Eric Betzig did not anticipate the experiment to work. Recently, two researchers, Shoh Asano and Ruixuan Gao, sought to use their team’s microscope on brain samples that were expanded four-fold their normal size—puffed up like balloons.
Part of Ed Boyden’s laboratory at the Massachusetts Institute of Technology (MIT), the duo utilizes a chemical method to make tiny specimens bigger so that researchers can view the molecular details more easily.
Although their method, known as expansion microscopy, appeared to work well on thin tissue sections or single cells imaged in traditional light microscopes, Boyden’s group sought to image much larger portions of tissue. They wanted to visualize the entire neural circuits that span millimeters or more. The researchers required a microscope that had excellent resolution and speed and is also comparatively gentle—something that does not damage a sample before they could complete the imaging process.
Hence, they sought Betzig, whose research group at the Howard Hughes Medical Institute’s Janelia Research Campus had applied the lattice light-sheet microscope to obtain a 3D image of the fast subcellular dynamics of delicate living cells. Integrating the two microscopy methods can possibly provide fast and comprehensive images of broad swaths of brain tissue.
“I thought they were full of it,” remembered Betzig. “The idea does sound a bit crude,” Gao stated. “We’re stretching tissues apart.” However, Asano and Gao were invited by Betzig to try out the lattice scope.
“I was going to show them,” laughed Betzig, but instead he was blown away. “I couldn’t believe the quality of the data I was seeing. You could have knocked me over with a feather.”
Currently, Betzig and his Janelia colleagues have partnered with Boyden’s team and imaged the sections of the mouse brain, the whole brain of a fruit fly, and the thickness of the cortex. The researchers’ integrated technique is not only fast but also provides high resolution with the potential to visualize any required protein.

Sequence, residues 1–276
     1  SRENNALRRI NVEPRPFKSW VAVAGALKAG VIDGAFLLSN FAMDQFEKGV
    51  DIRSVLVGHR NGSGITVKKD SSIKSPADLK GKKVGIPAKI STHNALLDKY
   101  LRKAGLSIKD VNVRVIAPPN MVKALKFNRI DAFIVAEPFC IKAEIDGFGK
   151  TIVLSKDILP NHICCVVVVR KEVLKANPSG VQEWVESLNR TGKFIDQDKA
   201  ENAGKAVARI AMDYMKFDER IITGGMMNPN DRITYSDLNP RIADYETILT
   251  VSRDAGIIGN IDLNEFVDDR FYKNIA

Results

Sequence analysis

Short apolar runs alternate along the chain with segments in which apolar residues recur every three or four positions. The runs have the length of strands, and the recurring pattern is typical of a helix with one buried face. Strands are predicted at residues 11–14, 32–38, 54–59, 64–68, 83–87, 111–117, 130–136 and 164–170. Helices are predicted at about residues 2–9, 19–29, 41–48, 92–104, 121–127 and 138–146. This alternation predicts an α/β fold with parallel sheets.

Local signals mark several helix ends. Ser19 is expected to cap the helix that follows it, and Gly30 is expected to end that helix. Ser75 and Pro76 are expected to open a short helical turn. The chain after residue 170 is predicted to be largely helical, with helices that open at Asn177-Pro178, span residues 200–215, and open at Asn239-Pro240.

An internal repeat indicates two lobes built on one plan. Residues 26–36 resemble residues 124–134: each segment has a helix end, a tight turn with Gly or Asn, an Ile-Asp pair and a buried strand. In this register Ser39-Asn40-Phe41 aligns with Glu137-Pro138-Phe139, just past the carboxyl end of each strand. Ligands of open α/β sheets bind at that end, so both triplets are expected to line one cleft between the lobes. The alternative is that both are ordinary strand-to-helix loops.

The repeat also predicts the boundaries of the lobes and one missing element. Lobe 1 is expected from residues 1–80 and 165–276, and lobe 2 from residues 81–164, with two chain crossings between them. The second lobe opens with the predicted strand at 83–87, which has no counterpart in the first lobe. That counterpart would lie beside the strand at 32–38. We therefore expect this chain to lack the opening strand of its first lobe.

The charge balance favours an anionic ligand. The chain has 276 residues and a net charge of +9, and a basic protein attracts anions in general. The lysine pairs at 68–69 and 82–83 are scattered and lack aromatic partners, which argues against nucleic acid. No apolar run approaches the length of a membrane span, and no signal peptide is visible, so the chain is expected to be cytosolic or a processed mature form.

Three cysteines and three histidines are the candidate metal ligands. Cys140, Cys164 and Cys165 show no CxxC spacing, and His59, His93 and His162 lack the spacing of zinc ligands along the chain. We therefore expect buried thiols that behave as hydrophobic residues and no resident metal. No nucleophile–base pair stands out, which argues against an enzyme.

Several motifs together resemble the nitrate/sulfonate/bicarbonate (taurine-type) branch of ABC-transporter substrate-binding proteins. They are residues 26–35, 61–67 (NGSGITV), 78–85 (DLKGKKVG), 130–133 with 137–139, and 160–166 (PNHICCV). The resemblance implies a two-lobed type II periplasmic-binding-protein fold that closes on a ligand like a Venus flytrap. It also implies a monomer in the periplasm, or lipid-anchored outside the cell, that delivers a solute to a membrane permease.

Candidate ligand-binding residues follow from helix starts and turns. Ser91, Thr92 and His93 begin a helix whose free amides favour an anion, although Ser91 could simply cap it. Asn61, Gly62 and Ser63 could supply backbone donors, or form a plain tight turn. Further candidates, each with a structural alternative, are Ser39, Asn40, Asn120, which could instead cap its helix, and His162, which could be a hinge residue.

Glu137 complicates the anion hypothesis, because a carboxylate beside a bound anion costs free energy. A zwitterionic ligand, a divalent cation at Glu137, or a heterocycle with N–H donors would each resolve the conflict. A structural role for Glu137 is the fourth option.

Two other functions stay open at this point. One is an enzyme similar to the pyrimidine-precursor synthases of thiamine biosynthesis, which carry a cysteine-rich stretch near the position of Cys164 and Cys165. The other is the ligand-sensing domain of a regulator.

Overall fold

It took only 62.5 hours to image the fly brain in various colors, as opposed to the years it would normally take if an electron microscope had been used, reported Betzig, Boyden, and their coworkers in the Science journal on January 17th, 2018.
“I can see us getting to the point of imaging at least 10 fly brains per day,” stated Betzig, who is presently an HHMI investigator at the University of California, Berkeley. He added that such resolution and speed will allow researchers to pose new questions, like how brains vary between females and males, or how brain circuits differ between the same types of flies.
Boyden’s team dreams of creating a highly comprehensive map of the brain that will allow scientists to simulate it on a computer. “We’ve crossed a threshold in imaging performance,” stated Boyden, who was chosen as an HHMI investigator in 2018. “That’s why we’re so excited. We’re not just scanning incrementally more brain tissue, we’re scanning entire brains.”
Expanding the brain
However, to create comprehensive maps of the brain, its wiring and activity have to be charted—the innumerable number of connections made by each of more than 80 billion neurons in humans. Such kind of maps may help researchers to identify where exactly the brain disease starts, or construct more improved artificial intelligence, or even describe behaviors. “That’s like the holy grail for neuroscience,” Boyden stated.
Decades ago, his team had a concept to find out how everything was arranged: What if the brain could be made bigger—sufficiently big to peer inside? The team infused samples with swellable gels—similar to the stuff in baby diapers—and eventually discovered a method to expand tissues, rendering the interior molecules less crowded and easier to view under a microscope. These molecules lock into a gel scaffold and maintain the same relative positions even after they are expanded.
Yet, it was difficult to image bulky tissue volumes. If a specimen becomes thicker, it becomes harder to illuminate only the potions that need to be visualized. If excess light is illuminated on the samples, it will photobleach them, burning out the fluorescent “bulbs” used by researchers to illuminate cells.